Chinese and American researchers have found a new drug treatment for asthma by studying acupuncture, potentially opening the door to more applications of the traditional Chinese medicine in modern medical research.
The drug therapy is more effective than existing asthma medication, according to a paper published in the Science Translational Medicine journal on Thursday.
Globally, 300 million people are estimated to suffer from the chronic lung disease that inflames and constricts the airways, causing wheezing, breathlessness, a tight chest and coughing.
Acupuncture was central to the discovery since earlier findings of its effectiveness in treating asthma prompted the study.
Twenty scientists from five institutes looked at compounds found in asthma patients’ blood before and after acupuncture treatment, according to Yang Yongqing, the paper’s lead researcher and a professor at the Shanghai University of Traditional Chinese Medicine.
Scientists from the university led the study along with researchers from Rutgers New Jersey Medical School in the United States.
They found that the amount of a certain protein – metallothionein-2 (MT-2) – in a patient’s blood serum increased after acupuncture treatment but decreased following asthma attacks.
This suggested that the protein, which smooths muscle cells, helps to prevent or treat attacks.
Over the course of four years, the team sifted through more than 6,000 compounds before identifying a drug, TSG12, that could activate the protein in humans.
By activating the protein, the drug relaxes throat muscles and opens airways, effectively stopping an asthma attack.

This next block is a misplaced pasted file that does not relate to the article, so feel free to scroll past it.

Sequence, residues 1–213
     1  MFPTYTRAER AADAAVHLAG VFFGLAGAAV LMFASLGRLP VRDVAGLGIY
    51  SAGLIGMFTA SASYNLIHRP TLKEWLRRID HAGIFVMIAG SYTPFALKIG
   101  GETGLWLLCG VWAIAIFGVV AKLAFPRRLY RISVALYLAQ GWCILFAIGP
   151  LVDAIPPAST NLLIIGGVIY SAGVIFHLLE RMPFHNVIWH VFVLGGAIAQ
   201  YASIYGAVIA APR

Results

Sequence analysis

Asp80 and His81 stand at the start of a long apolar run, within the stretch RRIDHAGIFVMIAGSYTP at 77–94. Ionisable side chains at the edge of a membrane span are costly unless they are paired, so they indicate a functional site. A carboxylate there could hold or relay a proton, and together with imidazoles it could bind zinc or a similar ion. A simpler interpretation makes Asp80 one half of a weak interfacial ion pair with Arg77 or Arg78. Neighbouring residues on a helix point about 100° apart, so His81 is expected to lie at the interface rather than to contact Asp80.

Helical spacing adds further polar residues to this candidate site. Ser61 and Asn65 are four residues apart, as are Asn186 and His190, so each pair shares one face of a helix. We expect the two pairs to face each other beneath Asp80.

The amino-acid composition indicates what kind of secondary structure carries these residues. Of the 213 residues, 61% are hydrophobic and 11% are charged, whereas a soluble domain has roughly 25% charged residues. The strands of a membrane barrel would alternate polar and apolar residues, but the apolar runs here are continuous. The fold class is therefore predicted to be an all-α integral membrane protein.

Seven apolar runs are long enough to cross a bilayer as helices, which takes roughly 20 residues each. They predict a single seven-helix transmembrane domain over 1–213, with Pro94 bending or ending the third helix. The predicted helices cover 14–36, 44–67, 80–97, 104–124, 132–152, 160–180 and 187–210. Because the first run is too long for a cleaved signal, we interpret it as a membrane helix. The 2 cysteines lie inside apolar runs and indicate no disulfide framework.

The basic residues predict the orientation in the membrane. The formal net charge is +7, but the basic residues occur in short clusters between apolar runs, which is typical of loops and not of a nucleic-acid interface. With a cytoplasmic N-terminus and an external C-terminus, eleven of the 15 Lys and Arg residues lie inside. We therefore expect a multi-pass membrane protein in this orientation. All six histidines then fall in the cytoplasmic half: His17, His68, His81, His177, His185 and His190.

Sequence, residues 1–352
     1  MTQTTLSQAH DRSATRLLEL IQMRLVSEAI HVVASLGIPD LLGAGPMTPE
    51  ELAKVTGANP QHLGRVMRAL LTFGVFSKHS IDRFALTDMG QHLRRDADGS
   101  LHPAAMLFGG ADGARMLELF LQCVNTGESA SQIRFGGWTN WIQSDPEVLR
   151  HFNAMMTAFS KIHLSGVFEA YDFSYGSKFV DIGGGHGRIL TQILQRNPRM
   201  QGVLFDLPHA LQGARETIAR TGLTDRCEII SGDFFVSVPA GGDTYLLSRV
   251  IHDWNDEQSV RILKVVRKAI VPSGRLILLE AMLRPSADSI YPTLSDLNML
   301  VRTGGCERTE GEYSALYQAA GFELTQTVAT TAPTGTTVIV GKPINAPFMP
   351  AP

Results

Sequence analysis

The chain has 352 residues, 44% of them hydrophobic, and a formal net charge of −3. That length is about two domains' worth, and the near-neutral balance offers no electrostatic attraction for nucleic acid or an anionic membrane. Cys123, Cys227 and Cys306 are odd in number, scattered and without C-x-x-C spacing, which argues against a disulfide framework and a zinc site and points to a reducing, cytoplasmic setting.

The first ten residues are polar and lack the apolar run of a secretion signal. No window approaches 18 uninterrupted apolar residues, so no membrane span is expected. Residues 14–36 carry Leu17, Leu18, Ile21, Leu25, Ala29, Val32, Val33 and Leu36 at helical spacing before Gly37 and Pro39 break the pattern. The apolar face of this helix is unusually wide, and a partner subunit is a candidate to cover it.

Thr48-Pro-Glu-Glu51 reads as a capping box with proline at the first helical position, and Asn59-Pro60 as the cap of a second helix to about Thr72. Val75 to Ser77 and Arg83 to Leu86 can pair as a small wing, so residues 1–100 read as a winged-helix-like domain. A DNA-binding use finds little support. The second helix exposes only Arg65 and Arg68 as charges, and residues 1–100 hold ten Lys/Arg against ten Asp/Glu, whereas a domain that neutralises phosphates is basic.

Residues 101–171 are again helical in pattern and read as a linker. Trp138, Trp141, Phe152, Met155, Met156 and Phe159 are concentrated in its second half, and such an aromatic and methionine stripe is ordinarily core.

“Traditional acupuncture gave us a new entry point and allowed us to focus on a different protein than the one found in Western medicine,” Yang said on Friday. “Although the paper does not mention acupuncture, it was the clinical basis of our preliminary research.”
The study found that TSG12 did not produce critical side effects in patients or become less effective over time – unlike the existing asthma drugs known as beta-2 agonists.
“Many patients do not respond to [beta 2-agonists] and over time there is an increasing number of patients who stop responding to the treatment and they do not have any alternative treatment,” said Luis Ulloa, a co-author of the study, from Rutgers New Jersey Medical School.
TSG12 provided a promising alternative, he said.
The drug still has to pass clinical trials before it can enter the market, Yang added.
It is the first time scientists have developed a new drug that is more effective than existing Western medication by studying the results of acupuncture, according to Zhang Shiping, a professor specialising in acupuncture and neuroscience at Baptist University.
It could also draw new attention to acupuncture – seen as pseudoscience by some in the West – from medical researchers.
“It’s foreseeable that in the course of studying acupuncture, more physiological pathways will be discovered, leading to more therapeutic agents, namely drugs,” Zhang said.
But Yang noted that standards for research design when it involved acupuncture were lacking.
“Chinese scientists need to communicate more with their counterparts abroad and achieve a common understanding about the standards,” he said.
Acupuncture treatment, in which thin needles are inserted into the body, has been proven effective for a range of diseases from peptic ulcers to depression through controlled clinical trials, according to the World Health Organisation.